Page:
This week in history: Hagenbeck-Wallace Circus train crash stuns Chicago

On June 22, 1918, an empty train slammed into a group of train cars belonging to the Hagenbeck-Wallace Circus in northwest Indiana. Today, it’s considered one of the worst train crashes in U.S. history.

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The Hagenbeck-Wallace Circus train crash in Hammond, Indiana

A Chicago Daily News photographer captured the scene of the Hagenbeck-Wallace Circus train crash in Hammond, Indiana. The de-railed train and railroad tracks are visible and a large crowd of people are standing around.

From the Sun-Times archives.

As published in the Chicago Daily News, sister publication of the Chicago Sun-Times:

In the early 20th century, the arrival of the circus in town disrupted everyday life, sometimes closing schools and businesses so everyone could attend. Even in major cities like Chicago where residents never lacked entertainment, the sight of a circus tent or train would have been a welcome one.

During the early morning hours of June 22, 1918, two trains carrying the Hagenbeck-Wallace Circus chugged on from Michigan City, Indiana, to nearby Hammond. The first arrived safely, but the second pulled off the main tracks to fix a hotbox. Five wooden cars of the second train — several of them filled with sleeping clowns, acrobats, performers and their families — stayed on the main track while the engineers fixed the problem.

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At about 4 p.m., an empty train came barreling down the tracks, ignoring stop signals and the lights of several engineers trying to catch the driver’s attention. Nothing worked. The train crashed into the five cars, causing a deafening sound and a terrible fire.

When reporters for the Chicago Daily News caught up to the action, authorities reported 100 people dead, according to that day’s paper.

“At noon nearly 60 bodies had been removed from the mass of ashes and twisted metal into which the five sleeping coaches had been jammed,” the paper said. “More than 150 dead and injured were taken to Gary and 75 dead and injured were removed to Hammond. It was believed that 50 more were still in the funeral pyre, literally burned to ashes.”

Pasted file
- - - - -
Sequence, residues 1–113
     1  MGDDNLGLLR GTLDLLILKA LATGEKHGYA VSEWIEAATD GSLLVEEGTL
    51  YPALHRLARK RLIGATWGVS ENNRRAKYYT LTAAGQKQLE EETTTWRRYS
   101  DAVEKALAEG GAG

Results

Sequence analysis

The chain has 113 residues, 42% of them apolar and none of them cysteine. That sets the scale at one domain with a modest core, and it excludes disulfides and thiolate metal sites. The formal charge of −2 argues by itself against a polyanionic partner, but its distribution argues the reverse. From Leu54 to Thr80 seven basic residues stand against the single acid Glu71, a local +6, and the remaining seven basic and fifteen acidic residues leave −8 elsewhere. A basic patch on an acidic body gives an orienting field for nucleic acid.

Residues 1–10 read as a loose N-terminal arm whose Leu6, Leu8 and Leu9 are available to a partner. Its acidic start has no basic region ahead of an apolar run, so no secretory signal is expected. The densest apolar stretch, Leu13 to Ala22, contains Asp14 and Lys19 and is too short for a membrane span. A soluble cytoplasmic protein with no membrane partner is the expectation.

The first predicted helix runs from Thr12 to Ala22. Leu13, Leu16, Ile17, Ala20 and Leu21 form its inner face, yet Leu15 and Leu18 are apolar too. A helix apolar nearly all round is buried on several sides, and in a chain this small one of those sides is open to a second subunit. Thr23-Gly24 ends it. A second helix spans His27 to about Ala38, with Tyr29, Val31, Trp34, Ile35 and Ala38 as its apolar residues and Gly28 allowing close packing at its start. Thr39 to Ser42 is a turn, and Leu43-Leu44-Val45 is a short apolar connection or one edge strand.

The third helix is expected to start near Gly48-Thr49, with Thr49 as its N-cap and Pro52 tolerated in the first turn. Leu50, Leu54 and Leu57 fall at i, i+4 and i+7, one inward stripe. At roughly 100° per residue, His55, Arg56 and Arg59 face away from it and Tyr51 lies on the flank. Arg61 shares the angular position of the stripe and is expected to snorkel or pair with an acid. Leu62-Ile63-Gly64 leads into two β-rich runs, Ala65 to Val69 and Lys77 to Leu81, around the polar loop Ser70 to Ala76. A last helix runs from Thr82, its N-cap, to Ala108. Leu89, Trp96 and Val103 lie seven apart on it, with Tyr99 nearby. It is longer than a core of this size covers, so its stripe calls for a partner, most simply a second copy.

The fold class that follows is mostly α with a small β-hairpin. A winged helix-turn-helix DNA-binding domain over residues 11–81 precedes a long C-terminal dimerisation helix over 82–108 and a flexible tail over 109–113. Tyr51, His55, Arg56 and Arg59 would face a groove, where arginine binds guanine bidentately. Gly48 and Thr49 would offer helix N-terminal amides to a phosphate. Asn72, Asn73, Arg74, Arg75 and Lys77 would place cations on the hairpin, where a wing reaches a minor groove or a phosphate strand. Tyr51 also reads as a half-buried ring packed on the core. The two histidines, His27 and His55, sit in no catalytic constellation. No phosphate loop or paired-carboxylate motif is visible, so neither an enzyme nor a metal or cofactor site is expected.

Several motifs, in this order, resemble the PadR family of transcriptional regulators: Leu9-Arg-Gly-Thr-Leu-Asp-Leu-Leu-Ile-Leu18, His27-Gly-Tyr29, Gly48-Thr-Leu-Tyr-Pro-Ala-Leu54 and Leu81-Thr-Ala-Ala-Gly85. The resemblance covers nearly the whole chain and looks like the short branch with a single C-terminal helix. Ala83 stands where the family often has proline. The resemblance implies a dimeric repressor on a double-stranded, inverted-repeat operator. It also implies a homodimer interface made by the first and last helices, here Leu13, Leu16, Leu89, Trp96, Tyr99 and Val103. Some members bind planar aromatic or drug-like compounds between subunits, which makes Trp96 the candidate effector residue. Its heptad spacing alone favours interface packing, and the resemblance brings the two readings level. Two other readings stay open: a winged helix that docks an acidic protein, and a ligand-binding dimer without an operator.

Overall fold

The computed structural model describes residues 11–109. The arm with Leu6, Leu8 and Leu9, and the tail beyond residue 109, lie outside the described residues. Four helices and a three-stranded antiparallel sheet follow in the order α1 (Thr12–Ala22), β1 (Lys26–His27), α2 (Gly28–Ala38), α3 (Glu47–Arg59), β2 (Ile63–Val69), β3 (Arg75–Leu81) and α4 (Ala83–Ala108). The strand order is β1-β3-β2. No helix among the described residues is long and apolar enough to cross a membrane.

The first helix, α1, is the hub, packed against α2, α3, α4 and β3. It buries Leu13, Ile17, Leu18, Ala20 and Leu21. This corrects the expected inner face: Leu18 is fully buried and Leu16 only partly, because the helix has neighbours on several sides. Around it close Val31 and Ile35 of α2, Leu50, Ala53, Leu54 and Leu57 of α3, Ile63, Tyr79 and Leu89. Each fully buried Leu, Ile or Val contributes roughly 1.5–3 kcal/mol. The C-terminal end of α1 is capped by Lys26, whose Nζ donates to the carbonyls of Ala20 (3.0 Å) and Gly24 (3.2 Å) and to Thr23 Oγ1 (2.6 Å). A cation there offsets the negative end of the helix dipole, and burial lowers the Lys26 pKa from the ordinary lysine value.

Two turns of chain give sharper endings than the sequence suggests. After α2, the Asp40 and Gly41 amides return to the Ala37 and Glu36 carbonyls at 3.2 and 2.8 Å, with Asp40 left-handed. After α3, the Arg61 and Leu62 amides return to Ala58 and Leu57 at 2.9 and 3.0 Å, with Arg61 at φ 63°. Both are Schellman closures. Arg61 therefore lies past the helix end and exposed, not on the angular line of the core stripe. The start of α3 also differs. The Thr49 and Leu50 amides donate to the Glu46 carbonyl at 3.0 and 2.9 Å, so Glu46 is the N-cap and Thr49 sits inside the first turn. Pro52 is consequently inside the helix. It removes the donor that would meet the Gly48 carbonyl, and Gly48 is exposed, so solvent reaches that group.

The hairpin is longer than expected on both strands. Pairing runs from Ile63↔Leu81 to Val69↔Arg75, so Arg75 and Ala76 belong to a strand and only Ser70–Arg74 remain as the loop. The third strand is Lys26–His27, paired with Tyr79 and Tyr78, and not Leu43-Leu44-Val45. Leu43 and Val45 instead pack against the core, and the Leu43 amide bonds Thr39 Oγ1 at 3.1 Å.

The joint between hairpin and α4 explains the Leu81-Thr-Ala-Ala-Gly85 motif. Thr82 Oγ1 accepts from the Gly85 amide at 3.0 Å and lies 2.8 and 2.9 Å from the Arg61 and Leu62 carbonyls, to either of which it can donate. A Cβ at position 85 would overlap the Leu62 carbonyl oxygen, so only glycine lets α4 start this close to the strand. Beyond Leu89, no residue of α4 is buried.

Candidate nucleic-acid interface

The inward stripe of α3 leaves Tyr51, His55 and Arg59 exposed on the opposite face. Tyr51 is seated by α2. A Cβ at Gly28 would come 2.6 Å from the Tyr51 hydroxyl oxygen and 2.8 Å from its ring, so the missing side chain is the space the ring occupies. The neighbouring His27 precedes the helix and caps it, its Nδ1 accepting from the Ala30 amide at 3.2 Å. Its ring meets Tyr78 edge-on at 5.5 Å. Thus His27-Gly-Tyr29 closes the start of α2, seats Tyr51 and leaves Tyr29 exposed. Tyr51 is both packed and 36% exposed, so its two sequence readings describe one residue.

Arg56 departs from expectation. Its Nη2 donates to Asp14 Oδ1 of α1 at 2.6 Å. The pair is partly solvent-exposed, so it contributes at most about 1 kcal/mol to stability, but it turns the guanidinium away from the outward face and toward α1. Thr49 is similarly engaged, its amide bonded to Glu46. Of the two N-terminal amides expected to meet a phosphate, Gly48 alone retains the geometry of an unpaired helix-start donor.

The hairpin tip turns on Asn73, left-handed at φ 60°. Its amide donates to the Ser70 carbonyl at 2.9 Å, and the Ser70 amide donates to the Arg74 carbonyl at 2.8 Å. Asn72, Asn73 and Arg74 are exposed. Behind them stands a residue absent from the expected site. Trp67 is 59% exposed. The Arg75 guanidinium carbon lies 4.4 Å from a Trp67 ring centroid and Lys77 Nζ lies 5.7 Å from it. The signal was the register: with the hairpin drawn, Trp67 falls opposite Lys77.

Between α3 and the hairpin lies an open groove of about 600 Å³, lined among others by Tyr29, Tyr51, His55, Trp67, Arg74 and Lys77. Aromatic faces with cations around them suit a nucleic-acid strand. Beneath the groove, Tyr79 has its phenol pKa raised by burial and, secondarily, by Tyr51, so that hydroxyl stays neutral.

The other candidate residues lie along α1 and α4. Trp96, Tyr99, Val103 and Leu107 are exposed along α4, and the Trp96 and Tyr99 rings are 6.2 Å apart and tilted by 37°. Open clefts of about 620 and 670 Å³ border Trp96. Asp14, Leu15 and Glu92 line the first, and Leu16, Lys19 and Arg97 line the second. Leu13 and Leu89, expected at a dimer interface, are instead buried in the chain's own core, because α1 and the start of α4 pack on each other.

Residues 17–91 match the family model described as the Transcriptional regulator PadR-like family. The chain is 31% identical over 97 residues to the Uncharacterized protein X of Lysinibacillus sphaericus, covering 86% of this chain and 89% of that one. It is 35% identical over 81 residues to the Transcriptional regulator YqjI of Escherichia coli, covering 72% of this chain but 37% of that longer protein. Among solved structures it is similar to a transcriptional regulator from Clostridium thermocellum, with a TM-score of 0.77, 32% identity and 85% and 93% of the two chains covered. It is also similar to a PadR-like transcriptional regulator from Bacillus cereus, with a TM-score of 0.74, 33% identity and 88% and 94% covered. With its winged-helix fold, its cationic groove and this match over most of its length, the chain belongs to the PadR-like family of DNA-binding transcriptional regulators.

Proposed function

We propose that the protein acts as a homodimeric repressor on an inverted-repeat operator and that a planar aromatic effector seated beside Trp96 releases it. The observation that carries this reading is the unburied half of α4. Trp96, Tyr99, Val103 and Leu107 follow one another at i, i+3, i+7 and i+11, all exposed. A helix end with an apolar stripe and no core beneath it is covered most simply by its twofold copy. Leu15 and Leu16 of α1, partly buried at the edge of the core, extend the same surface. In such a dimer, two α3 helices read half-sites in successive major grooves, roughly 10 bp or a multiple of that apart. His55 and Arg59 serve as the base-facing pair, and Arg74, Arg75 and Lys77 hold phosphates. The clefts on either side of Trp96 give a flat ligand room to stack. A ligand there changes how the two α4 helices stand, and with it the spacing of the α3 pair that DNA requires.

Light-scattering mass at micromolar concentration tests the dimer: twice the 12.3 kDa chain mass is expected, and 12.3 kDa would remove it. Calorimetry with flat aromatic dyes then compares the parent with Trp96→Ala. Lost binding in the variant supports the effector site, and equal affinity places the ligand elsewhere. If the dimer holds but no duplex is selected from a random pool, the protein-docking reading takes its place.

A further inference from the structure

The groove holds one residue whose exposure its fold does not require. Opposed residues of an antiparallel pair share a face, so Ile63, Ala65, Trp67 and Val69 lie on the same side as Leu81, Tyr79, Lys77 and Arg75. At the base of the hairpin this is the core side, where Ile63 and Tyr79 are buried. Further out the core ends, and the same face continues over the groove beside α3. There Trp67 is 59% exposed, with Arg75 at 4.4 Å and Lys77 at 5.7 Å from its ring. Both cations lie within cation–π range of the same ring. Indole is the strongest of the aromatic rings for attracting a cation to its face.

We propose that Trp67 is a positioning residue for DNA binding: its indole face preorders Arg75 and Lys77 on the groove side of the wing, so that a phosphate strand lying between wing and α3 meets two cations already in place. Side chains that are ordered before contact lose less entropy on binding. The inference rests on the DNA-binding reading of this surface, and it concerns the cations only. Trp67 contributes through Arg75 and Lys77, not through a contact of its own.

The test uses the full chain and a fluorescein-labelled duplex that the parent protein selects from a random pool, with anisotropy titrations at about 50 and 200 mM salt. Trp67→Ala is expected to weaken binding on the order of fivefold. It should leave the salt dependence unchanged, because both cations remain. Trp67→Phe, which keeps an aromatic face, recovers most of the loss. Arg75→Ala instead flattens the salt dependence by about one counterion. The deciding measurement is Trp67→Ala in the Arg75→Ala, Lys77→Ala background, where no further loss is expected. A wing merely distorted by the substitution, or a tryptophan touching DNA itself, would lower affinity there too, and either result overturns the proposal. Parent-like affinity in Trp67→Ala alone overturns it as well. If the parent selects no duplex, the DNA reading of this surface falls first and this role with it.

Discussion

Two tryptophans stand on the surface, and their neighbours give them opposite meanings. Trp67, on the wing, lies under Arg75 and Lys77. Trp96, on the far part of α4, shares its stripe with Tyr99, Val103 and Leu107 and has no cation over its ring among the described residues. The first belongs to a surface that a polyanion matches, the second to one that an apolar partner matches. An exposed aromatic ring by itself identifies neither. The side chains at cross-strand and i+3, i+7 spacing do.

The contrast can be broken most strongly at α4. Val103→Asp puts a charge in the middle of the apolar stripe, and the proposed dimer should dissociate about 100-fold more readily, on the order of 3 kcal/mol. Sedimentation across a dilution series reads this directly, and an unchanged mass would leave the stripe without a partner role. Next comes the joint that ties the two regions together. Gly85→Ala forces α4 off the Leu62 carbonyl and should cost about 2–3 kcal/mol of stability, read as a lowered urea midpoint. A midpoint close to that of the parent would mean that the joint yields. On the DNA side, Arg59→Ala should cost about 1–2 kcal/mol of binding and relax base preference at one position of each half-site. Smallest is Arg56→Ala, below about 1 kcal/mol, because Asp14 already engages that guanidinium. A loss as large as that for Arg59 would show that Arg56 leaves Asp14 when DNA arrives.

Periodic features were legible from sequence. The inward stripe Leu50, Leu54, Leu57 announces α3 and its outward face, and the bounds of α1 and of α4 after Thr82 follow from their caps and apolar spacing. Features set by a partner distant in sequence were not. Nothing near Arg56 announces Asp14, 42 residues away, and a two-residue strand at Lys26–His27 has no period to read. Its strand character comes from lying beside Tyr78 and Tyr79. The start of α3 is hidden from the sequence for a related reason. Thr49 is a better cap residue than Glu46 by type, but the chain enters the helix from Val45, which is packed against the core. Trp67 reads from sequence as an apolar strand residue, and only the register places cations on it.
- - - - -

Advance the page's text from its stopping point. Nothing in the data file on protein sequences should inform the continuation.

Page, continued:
The crash caused tanks of acetylene gas to explode, which sparked fires that spread quickly in the area.

“To add to the holocaust,” the paper reported, “water was unobtainable and the fumes of the gas and intense heat of the flames made it impossible for volunteer resources to approach within 150 feet of it. The crew of the circus train and the men of the troop train available worked heroically, but there was so little they could do.”

Some performers did manage to survive. One Daily News reporter interviewed acrobat Alec Codd at Mercy Hospital in Gary.

“It was like the cracking of an egg shell,” he said. “My legs doubled under the pressure of the walls of the car as they caved in. I felt a terrible pain in my back. Everything was dark, and, for one minute after the big crash that woke me up, everything was silent.”

Codd attempted to reach his sleeping wife, whose hand was “still warm, but motionless,” he said. He couldn’t move. Something pinned him down, and every time he tried to move, “a piercing pain shot through my body.” Just before the flames engulfed his car, a fellow performer freed Codd and dragged him out of the wreckage.

“All around me, there was pandemonium,” he recounted. “A strong wind was fanning the flames, which spread rapidly. And from underneath the mass of piled-up coaches, it flashed through my mind that it looked like a funeral pyre. I heard the groans and moans and the death cries of these whom I had worked with so long. Then I lost consciousness.”

D.W. Donohue, superintendent of the Chicago division of the railroad, and L.W. Landman, general passenger agent, told reporters they believed the empty train’s engineer, a man called Sergeant, had either fallen asleep or suffered an attack of paralysis. No other option would explain why he’d missed signals and the circus engineers telling him to stop from miles down the track.

Other experts, however, had different theories. Several railroad officials, who declined to be named, examined the empty train following the crash and noticed that the air brakes of the Pullman coaches had not been set on the wheels. Because military officials usually used the empty train to move soldiers serving in World War I to the east coast, the unnamed railroad officials suspected sabotage.

The Hagenbeck-Wallace Circus train wreck remains one of the most disastrous in history, with 86 officially dead and more than 100 injured. Next to the main story, the Daily News ran a list of names of those that died along with their respective roles in the circus.

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